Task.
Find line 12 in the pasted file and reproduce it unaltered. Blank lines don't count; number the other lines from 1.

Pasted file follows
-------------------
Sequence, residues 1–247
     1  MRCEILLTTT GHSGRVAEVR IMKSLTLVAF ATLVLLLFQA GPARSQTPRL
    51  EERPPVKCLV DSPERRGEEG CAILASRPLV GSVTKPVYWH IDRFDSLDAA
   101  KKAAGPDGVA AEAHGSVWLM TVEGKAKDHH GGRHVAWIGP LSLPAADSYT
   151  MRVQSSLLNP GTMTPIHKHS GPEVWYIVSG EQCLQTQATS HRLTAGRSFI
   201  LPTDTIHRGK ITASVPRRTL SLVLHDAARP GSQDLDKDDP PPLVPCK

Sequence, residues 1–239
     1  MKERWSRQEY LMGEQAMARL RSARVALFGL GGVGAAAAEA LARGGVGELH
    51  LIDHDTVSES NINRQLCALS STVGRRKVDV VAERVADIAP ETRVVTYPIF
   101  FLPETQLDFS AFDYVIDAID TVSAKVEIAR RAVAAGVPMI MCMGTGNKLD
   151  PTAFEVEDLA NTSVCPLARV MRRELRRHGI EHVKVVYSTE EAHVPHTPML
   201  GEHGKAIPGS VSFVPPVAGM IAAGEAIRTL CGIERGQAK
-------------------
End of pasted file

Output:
   201  GEHGKAIPGS VSFVPPVAGM IAAGEAIRTL CGIERGQAK